John Gordon Dickson

b Nov 1879
d Nov 1917 (buried in the Lutheran Cemetry, Petrograd)

He was Granny Armitage’s elder brother. I have always been fascinated by his life but know very little about him. I don’t know the precise sequence of events but I believe he sailed from the UK to China, ended up fleeing the Boxer riots, worked in Osaka, moved to Vladivostok and then travelled by train to Petrograd (now St Petersburg) where he died. I think he died on the day that Lenin and the Soviets overthrew the provisional government in Petrograd but the dates don’t appear to match exactly because the Gregorian calendar was being used at that time (hence the dual dates written on the letters). I have often thought of travelling in his footsteps in an attempt to tell his story more fully.

I have worked from photocopies of the originals and as the handwriting is not always clear I have indicated where the spelling in the text is difficult to read.

Peter Armitage
25 May 2011

British Nursing Home
16/28 Nov 1917

Dear Mrs Dickson,

I am so sorry to have to write you the sad news of your son’s death which took place in the above home on the 8/21 November. Mr Chandler his friend will tell you all particulars but I thought perhaps you would like a line from me being the only English sister here. Mr Dickson was only 10 days in the Home but was ill 5 days in the train before he got to Petrograd.

The Russian sister who was with him all the time & did everything possible for him was fearfully upset by his death and says she feels quite certain he went straight to Heaven. He had a smile and a cheery word up to the very last. We had two doctors, a Russian and an English Doctor and every remedy was tried but of no avail. Mr Dickson was attended by the Rev. Barnes the English curate here. He & Mr Chandler carried out all the arrangements for the funeral. It is very sad when people die so far away from their friends. I also lost a brother in America and years afterwards a lady told me she had visited him in his room where he was very ill and not one near to give him a drink. I thought then how hard life seemed but I have seen many sad cases since. I trust that God will comfort you in this great trial & give you strength to bear it.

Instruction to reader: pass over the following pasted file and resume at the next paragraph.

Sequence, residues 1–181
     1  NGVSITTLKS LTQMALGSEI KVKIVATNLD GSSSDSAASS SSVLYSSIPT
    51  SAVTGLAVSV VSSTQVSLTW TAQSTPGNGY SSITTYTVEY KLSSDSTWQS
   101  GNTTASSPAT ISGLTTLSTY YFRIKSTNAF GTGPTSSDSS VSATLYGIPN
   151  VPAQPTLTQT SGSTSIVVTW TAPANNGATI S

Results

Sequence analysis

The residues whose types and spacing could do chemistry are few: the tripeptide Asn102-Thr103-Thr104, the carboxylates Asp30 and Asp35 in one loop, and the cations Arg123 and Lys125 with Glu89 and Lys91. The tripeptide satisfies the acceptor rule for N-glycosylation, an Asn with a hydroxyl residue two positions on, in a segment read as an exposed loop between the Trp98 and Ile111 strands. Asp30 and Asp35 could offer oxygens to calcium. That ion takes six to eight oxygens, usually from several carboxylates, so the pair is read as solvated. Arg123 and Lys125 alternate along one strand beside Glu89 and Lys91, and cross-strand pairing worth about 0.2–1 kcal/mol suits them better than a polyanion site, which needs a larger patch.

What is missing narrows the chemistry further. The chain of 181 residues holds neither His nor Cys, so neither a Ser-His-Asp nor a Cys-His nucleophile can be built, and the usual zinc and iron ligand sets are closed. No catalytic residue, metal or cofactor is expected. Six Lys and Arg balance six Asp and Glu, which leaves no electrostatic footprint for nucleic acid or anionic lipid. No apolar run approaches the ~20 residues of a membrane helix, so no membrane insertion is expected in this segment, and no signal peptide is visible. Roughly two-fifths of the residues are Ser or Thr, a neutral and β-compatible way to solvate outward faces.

Yours very sincerely,

M. McElhone


P.O.Box No. 387 Kobe

Telegraphic Address:-

Kobe, August 3rd 1918

Miss Gertrude Dickson

Dear Madam,

It is a long time since I wished to write to any of late Mr Dickson’s relations, but as I have not been familiar with the address I could not do so until I met a friend who paid a visit to Kobe from Vladivostock & who had been Mr. Dickson’s intimate friend too. This gentleman you might perhaps know, is Mr. P.S.Wood with whom Mr. Dickson lived together for years in Kobe.

It is indeed very sad that a young man like Mr. Dickson died on the way to the front in Petrograd, which report I first heard in December last.

I had been working in Aberheim (spelling?) Bros. and the department to which I belonged to was raw materials department, as I was not well acquainted in wool business. Mr. Aberheim called Mr. G. Dickson from England to Kobe. I had been with him since first he came to Kobe. I worked with him for about 2 years to the entire success of the wool business and then I left the firm. About a year after I left, the firm bankrupted & he had to go home penniless.

When next time he came to Kobe after a stay in England, I joined him again and worked with him until this great war had taken place. He had had experienced very hard time for (more than ?) a year as his business had entirely finished on account of the war. Of course even after I gave up his business I met him almost every day, but I could not find any job for him, the time being so bad at those days. After all, he found a job in Vladivostok and went over there. Since then I had not seen him, but I obtained the sad news of his death last December.

The above being the rough history of how I had been closely related to him and I can say that I am the only one who had been with him almost constantly and therefore my sympathy with you for his death is the deepest of all.

Kindly write me and tell me frankly anything you want here on this side taking me as your brother and I shall carry out your wishes.

Mr. P.S.Wood advised me to write to you and so I do so as I understand you loved your brother as a sister.

My poor English scarcely enables me to write out freely what I think but I shall do so next time when I receive reply to this from you.

With best regards to his parents and yourself

I remain, Dear Madam,
Yours truly,
K. Tonda (spelling?)